The theme of hospitality occurs in numerous places. As Odysseus and his men are traveling, they must rely on the generosity of those whom they encounter, both gods and mortals alike. Sometimes they are not the best guests, such as when they disobediently eat the cattle of the sun god, Helios. At the other extreme, when the travelers meet Polyphemus, and Odysseus requests the culturally expected hospitality, the Cyclops decisively violates the norm: he eats some of Odysseus’s men.
The main place where hospitality figures prominently, however, is back home in Ithaca. Penelope must uphold her position as Odysseus's wife and keep a hospitable environment in their home. The suitors cluster around her, waiting for her to declare Odysseus dead and marry one of them. They test her patience with their bad behavior, which ranges from merely opportunistic to rude to homicidal. Penelope understands, however, that the honor of her and Odysseus’s family depends on her magnanimity. When their son, Telemachus, returns home from Troy, he loses his patience and starts to make the suitors feel unwelcome.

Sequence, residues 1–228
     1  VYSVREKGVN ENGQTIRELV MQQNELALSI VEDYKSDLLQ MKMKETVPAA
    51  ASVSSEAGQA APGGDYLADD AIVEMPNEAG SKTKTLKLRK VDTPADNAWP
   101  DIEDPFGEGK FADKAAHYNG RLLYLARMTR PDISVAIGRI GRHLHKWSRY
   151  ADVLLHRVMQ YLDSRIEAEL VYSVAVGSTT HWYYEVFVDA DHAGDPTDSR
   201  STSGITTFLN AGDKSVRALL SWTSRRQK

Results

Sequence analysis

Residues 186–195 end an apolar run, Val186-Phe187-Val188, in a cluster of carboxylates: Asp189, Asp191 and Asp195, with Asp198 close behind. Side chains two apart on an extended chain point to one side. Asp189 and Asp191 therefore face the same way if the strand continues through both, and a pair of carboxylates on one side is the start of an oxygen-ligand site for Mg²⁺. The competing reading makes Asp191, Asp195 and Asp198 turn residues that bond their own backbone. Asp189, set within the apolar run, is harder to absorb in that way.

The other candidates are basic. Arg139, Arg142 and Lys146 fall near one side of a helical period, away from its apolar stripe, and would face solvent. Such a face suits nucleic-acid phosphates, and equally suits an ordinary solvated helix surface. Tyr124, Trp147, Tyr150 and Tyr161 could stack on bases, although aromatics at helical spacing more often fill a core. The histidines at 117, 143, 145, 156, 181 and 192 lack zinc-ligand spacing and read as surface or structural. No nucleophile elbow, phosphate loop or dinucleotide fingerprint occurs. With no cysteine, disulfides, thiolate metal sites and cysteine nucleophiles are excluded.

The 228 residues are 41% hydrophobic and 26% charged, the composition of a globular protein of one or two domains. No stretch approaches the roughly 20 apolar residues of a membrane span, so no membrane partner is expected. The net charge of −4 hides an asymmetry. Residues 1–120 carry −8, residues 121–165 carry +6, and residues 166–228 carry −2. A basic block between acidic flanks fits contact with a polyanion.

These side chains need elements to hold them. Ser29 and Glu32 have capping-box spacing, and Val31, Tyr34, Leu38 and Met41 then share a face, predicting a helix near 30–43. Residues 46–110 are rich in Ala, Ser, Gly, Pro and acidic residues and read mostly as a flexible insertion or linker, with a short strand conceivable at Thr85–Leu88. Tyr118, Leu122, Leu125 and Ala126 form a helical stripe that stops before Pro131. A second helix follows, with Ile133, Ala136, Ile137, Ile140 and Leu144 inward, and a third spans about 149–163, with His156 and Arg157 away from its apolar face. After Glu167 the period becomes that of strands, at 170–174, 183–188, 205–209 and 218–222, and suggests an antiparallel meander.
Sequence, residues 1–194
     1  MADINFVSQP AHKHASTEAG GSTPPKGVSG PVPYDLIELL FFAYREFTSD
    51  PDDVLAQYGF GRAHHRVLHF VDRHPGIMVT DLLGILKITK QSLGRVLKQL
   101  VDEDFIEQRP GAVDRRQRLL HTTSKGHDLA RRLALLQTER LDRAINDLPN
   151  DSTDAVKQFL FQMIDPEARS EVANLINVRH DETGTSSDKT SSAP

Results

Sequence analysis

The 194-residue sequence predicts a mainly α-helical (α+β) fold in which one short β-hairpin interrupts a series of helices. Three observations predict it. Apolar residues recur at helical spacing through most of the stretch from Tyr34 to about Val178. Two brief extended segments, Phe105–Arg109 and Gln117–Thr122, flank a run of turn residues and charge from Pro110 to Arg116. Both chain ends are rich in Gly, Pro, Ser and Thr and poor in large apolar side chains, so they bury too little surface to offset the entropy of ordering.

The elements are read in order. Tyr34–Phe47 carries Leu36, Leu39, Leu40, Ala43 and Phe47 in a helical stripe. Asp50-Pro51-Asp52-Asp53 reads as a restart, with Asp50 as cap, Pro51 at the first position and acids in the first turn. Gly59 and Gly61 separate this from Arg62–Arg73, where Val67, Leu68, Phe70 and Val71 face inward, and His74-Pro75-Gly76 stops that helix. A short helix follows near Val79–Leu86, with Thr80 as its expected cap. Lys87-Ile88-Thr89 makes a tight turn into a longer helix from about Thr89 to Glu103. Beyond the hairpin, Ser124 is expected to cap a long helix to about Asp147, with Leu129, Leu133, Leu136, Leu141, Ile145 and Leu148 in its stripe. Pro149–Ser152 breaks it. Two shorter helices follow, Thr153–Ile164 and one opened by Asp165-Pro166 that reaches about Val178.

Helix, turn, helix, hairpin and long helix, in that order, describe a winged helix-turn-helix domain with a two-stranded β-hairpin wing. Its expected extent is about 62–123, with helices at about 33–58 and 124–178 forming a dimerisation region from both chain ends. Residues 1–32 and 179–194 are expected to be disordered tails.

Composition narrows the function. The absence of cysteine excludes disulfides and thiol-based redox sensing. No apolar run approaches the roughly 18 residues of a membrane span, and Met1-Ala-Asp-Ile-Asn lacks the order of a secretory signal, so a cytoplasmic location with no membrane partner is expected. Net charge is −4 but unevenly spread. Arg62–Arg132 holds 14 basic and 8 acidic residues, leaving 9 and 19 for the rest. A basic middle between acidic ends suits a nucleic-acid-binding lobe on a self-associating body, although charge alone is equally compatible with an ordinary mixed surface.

Hospitality is so crucial, in fact, that the entire resolution of the epic rests on it. Tired of waiting and concerned about Telemachus’s objections, several suitors conspire to kill him. Finally, when Odysseus himself returns disguised as a beggar, the suitors torment and attack him. Distressed that they dare to do this in her home, Penelope calls the beggar to an interview, thus beginning the process of reunion with her husband that will also result in him and Telemachus slaughtering all the suitors.